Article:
Monday, February 15, 2010

Mao and Hayek: BFFs?

"[T]he ideas of economists and political philosophers, both when they are right and when they are wrong, are more powerful than commonly understood.  Indeed the world is ruled by little else.  Practical men, who believe themselves to be quite exempt from any intellectual influences, are usually the slaves of some defunct economist.  Madmen in authority, who hear voices in the air, are distilling their frenzy from some academic scribbler of a few years back.  I am sure that the power of vested interests is vastly exaggerated compared with the gradual encroachment of ideas."
- John Maynard Keynes

Friedrich Hayek is probably the most influential economist of the 20th century. However, when his magnum opus, The Road to Serfdom, appeared in 1944 it was relegated to the fringe of respectable opinion. At the time, neoclassical economics was spurned for being unable to predict, or cure, the worldwide depression of the '30s. Economic planning – the bete noire of neoclassical economists – had demonstrated its potential in improving peoples' lives, from Japan to the Soviet Union to Germany to Britain to the United States. The future seemed to be one of an ever-greater role for government intervention in the economy, and an eternal sleep for laissez faire.

Neoclassical economics has since enjoyed a resurgence (much to the detriment of the world), and it would be hard to overemphasize Hayek's role in it. His anti-collectivist economic philosophy became and still is – in bastard form – the foundation of conservative and libertarian thought in the United States. Even the 'other' most influential economist of the 20th century, Milton Friedman, was an acolyte of Hayek's.

In fact, Hayek's influence spanned the world, reaching into post-revolution China and being adopted by Li Yining, an unorthodox economist who was interested in ways of making the Soviet economic model more flexible. Li became inspired by Hayek, and was pushed in a radical, capitalist direction by the rough treatment he received during the Cultural Revolution. Li is now one of China's most prestigious economists, known as “Mr. Stock Market” for his role in seeing through the creation of China's first post-revolution stock markets.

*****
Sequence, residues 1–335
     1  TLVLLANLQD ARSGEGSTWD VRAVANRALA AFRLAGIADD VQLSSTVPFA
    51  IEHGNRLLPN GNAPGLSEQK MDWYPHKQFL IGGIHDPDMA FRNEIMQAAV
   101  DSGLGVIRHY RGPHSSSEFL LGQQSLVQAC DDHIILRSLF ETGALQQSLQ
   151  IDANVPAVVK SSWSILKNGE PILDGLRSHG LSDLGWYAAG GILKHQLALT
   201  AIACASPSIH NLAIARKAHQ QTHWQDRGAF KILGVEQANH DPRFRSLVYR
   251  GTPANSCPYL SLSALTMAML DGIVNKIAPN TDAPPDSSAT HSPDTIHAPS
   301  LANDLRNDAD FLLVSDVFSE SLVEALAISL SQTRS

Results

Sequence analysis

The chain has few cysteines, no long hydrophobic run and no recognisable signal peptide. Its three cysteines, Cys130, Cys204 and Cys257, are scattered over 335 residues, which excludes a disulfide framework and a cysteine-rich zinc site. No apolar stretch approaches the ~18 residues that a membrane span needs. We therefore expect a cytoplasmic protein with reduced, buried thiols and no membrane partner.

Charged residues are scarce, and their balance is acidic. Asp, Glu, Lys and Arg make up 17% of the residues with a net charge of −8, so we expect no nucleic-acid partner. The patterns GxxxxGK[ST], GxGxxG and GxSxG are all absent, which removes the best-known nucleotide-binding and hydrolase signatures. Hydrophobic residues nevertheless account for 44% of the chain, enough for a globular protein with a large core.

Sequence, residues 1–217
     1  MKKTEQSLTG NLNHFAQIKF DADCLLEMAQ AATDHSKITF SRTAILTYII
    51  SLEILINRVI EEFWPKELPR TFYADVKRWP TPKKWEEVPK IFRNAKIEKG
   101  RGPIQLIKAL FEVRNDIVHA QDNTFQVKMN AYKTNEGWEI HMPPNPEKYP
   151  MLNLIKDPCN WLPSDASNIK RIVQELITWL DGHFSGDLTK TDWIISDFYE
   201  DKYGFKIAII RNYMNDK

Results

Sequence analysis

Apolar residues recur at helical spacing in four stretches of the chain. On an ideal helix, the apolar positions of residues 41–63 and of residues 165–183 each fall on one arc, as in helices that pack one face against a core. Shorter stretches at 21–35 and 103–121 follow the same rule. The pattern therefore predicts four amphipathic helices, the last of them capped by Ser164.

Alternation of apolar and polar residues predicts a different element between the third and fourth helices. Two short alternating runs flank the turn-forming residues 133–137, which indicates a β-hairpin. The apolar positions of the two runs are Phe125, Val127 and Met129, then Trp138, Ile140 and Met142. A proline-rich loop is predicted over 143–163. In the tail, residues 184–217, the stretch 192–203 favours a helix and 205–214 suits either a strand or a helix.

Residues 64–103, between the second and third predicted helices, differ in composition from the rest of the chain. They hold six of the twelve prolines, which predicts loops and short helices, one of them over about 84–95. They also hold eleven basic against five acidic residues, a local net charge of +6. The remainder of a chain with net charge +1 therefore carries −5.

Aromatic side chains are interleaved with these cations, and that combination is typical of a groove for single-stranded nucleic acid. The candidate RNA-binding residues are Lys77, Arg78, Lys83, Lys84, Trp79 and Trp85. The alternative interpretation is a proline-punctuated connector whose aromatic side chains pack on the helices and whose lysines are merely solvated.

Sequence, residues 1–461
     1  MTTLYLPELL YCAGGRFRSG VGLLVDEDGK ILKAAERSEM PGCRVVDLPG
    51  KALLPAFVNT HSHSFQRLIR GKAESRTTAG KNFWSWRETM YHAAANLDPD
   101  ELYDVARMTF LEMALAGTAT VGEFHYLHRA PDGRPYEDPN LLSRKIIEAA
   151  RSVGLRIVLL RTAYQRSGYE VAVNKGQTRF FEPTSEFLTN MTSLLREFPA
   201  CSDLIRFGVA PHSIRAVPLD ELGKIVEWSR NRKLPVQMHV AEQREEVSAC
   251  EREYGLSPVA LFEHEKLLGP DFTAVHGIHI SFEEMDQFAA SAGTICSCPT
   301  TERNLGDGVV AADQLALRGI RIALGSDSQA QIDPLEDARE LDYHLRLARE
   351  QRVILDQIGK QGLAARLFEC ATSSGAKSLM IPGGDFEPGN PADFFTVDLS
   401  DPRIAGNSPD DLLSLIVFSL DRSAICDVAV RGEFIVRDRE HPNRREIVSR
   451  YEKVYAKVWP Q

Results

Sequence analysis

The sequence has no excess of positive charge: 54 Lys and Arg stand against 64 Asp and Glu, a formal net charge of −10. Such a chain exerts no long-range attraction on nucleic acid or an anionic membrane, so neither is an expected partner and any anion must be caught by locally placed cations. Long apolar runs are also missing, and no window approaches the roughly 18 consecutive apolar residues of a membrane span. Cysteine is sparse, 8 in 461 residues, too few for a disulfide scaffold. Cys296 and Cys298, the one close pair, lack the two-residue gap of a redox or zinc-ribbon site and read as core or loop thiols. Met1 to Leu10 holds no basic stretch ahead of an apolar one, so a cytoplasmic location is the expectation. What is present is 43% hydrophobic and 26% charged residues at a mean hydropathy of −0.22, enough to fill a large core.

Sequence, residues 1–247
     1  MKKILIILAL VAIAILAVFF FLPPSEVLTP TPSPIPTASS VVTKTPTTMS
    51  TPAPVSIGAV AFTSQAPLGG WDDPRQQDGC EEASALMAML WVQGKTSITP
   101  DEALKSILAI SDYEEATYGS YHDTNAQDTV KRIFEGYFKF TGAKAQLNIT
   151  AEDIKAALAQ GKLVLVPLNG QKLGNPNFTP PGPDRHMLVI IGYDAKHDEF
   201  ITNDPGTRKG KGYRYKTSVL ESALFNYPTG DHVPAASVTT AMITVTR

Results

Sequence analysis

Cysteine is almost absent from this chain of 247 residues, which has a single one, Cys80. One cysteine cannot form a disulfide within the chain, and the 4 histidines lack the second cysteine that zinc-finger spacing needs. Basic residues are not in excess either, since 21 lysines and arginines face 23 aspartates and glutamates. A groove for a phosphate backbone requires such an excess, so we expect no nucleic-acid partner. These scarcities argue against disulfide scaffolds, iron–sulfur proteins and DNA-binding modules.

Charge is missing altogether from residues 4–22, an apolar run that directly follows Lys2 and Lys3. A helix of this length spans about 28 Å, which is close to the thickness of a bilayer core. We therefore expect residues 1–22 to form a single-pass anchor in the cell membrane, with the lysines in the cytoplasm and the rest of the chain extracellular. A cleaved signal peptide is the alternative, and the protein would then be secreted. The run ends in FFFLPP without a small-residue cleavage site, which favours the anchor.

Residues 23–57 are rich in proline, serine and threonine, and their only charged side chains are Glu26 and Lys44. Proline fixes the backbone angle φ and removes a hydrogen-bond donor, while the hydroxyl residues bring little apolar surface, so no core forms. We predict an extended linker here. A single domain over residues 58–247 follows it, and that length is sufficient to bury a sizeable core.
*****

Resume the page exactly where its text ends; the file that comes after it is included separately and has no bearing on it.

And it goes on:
Although economists like Yi see the Cultural Revolution as an unmitigated economic and social disaster, Dongping Han's The Unknown Cultural Revolution provides a case study tending to show the opposite. Han's narrative of the Cultural Revolution is contrary not only to the dominant Western view, but also the seemingly official view of the Chinese Communist Party. The reason for this odd congruence of opinion, in the view of Han and others (like Minqui Li and Mobo Gao), is that the historically antagonistic West views all such revolutions unfavorably, and the Chinese Communist Party is today dominated by Mao's enemies and their intellectual heirs: precisely the targets Mao had in mind when initiating the Cultural Revolution.

What's strange is that the economic and political philosophy implicitly embraced by Han, and the philosophy explicitly propounded by Hayek, both share much in common while having much to inform the other.


Hayek is an apologist for classical liberalism, and how he defines liberalism is key to an understanding of his arguments. He defines liberalism as freedom, broadly speaking, but its most important aspect is “industrial freedom”, which he believes “opened the path to the free use of new knowledge” which before had been blocked by the “beliefs of the great majority on what was right and proper.” In The Road to Serfdom, Hayek's foray into economic history is maddeningly simple and short, and he conflates the development of philosophical, scientific and technological ideas with the development of liberal economics. Hayek knows that a truly liberal economy never actually existed during the 19th century, but it was a beginning that despite its infancy and at best partial implementation, should be credited with the material progress the Western world experienced during that time. One of many problems with this attribution of credit is his ignorance of the role the non-European world played in unwillingly enriching the former.